Dutch Disease and jobs

Today the ABS released its quarterly Labour Force Survey – Detailed for May. I’ve broken it up into a series of sectoral charts by full time jobs below. Each says it ends in March but it don’t. Each ends in May, damnit.

First up, let’s look at the growing sectors. Top of the pops is, of course, mining:

I was a little surpised to find that coal and ore are the parts of Futureboom! that are already here. Oil and gas has certainly grown in the past decade but shows little sign of an explosive takeoff as yet. I guess that lies ahead.

Next up is utilities. Perhaps no surprise here either, with the electrcity sector powering ahead, if you’ll pardon the pun. If the 2011 Garnaut Report is anything to go by, this is largely driven by new investments in distribution networks. For water, I imagine it is related to the many climate related initiatives underway, including desal plants all over.

Third place goes to Science, Professional and Technical services. This category includes lawyers, accountants and engineers. Since 2004, there’s been a nice upwards trajectory with the addition of perhaps 120k new positions. However, given this grouping is the one that is most often cited as evidence of the spreading of the mining boom, I’d say that’s pretty bloody disappointing. Computer services are humming along and look pretty recession proof.

Fourth is construction. And here we have another unequivocal boom in jobs. The Services category includes contractors so some of this growth is certain to be a reshuffling of full time positions from within firms.

Next on the success list is Finance and Realty. We should really include these in the public sector jobs given the Politico-housing complex, and you see what being protected can do for your job security. Didn’t we have a GFC around banks a few years back? It appears too that the same event was just hiccup for your friendly neighbourhood realter.

The next sector is, happily, education. Despite much publicised falls in enrolments, there appears to be no appreciable effect on employment anywhere, with good growth all over:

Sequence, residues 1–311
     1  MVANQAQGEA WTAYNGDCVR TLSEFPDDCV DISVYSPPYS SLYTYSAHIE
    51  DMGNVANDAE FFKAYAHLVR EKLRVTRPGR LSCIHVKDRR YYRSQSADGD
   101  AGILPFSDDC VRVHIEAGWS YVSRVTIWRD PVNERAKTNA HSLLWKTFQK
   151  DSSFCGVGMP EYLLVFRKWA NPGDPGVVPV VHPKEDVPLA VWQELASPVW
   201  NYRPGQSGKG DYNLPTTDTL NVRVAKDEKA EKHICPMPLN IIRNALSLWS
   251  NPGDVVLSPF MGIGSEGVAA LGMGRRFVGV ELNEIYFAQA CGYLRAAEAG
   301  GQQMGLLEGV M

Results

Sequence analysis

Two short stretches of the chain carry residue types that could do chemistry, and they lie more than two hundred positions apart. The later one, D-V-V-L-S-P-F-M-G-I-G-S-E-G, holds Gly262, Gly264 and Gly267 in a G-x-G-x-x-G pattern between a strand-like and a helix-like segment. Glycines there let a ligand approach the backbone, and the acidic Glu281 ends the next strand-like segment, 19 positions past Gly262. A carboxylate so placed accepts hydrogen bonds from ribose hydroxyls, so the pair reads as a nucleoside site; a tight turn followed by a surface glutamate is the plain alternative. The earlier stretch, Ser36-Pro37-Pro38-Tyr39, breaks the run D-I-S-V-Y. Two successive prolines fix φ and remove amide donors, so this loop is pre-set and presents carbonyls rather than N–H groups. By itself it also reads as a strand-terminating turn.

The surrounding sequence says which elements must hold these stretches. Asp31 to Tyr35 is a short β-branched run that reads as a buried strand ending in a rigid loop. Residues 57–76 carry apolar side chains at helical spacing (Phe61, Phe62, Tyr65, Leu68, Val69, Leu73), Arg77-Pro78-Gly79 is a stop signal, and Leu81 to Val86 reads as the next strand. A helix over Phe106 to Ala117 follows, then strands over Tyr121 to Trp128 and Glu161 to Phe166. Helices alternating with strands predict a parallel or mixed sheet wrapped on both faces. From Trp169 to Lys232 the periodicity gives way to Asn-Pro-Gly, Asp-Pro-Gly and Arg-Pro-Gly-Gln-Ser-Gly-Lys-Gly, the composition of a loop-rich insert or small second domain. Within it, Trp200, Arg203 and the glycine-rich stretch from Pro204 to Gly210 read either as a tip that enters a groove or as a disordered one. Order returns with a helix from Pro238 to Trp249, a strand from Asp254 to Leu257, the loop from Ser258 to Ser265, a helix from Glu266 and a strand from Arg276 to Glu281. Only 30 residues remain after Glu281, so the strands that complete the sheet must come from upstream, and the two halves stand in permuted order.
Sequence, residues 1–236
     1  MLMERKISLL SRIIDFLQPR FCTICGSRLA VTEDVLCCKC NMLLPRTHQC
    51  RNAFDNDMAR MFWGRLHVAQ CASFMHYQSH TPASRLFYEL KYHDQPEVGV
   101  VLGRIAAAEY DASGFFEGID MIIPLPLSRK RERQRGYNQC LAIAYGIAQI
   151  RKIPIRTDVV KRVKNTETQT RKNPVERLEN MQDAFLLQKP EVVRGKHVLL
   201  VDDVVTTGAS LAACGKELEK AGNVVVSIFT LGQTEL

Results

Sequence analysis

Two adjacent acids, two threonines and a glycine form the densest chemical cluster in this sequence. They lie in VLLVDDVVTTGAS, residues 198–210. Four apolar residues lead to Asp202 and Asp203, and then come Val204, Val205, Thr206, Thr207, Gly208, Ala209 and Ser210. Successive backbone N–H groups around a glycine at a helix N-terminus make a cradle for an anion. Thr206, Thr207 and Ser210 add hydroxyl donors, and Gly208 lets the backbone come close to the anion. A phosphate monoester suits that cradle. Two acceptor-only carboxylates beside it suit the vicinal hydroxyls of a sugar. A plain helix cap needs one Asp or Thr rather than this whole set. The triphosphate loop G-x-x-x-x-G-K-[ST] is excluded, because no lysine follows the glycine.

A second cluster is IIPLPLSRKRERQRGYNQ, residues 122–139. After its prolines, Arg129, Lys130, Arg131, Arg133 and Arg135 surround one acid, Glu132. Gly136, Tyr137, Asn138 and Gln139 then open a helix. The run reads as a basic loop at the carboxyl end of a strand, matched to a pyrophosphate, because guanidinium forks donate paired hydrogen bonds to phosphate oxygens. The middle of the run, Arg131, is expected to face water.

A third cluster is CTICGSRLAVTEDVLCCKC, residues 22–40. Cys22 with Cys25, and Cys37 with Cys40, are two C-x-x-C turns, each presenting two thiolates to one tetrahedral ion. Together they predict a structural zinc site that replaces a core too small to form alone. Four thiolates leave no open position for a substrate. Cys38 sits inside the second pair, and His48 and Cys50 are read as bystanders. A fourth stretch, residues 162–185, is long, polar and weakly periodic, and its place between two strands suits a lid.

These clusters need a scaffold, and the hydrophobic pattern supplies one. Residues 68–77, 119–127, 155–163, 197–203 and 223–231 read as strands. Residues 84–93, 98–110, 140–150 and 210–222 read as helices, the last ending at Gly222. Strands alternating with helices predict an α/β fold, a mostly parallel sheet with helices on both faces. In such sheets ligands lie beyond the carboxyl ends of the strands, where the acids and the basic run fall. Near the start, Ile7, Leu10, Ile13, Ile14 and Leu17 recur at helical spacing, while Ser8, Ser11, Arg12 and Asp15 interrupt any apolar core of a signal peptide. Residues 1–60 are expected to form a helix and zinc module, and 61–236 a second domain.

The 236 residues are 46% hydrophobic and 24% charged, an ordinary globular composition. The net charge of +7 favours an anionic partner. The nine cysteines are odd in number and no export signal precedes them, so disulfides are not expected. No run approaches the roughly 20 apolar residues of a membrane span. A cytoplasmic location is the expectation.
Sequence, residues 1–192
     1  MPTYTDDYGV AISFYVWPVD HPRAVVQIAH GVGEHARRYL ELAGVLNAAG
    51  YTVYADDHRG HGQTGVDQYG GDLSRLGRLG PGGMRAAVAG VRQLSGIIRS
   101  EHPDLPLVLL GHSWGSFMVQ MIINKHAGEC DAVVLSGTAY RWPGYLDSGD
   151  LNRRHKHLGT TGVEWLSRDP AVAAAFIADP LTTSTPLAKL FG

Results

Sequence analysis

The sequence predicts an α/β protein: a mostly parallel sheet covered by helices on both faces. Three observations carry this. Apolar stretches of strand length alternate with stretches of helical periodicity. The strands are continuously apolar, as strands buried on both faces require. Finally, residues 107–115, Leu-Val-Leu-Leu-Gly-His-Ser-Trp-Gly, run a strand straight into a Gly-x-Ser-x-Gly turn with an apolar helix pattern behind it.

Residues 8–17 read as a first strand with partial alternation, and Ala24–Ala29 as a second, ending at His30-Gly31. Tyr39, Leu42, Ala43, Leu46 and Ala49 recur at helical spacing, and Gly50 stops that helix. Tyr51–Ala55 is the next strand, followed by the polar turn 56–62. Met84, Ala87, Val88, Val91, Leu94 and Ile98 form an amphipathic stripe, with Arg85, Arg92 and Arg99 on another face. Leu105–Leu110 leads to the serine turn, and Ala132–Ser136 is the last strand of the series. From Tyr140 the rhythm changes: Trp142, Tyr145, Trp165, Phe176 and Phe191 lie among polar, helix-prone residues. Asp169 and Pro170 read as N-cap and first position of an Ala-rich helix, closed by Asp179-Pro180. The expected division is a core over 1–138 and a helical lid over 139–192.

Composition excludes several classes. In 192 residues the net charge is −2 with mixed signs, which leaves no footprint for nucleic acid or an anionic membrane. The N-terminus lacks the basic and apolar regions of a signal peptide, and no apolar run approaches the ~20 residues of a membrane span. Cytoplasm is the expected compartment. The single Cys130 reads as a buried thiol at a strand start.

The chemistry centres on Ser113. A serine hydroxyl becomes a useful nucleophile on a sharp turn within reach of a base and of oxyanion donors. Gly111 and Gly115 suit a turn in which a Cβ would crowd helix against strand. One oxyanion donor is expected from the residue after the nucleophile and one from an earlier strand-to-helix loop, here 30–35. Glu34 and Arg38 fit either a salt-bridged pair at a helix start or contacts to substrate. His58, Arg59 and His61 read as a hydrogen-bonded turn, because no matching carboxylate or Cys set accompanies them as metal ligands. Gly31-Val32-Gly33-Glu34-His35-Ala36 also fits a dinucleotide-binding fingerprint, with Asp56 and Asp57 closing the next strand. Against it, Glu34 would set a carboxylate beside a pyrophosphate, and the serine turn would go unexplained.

And now we come to the less saguine sectors. Administration jobs have a nice up trend but it appears being a cleaner really sucks when times are tough. The national pest problem is under control.

Next on the sad decline list is food and accomodation services. We might take this as a proxy for tourism but it also includes dining. I’d describe this as stagnant, add population growth and it’s going backwards at a good clip.

Much the same is apparent in Wholesale Trade, except in the machinery space, which we can guess is supplying something out west.

Likewise retail. Everything here is flat or falling, which is good, we spend too much on stuff for our productive capacity.

Transport is faring badly too. That recent rolling over in everything except road doesn’t bode well:

Telcos, media and IT are all stuffed. The internet appears to be going out business completely. Or, at least, fully automating:

Finally, scraping the bottom of the barrel, we find the long suffering and plainly targeted for destruction manufacturers. With the exception of metals processing and food, it’s just melting away. Bye, bye!

So, in total what can we conclude? First and formost, buy your kids a hard hat. Second, the boom is not spreading as much as authorities would have you think (not in full time jobs anyways). Third, we have Dutch Disease in manufacturing and tourism but seemingly not in education. Fourth, most of the services sector is flat or falling. Fifth, I reckon we’re still much better off with the boom than without. The rebalancing away from consumption related jobs and towards productive sectors is good, and sectors such Finance, Realty, Wholesale and Retail would be in deep trouble without the support to incomes coming from the boom.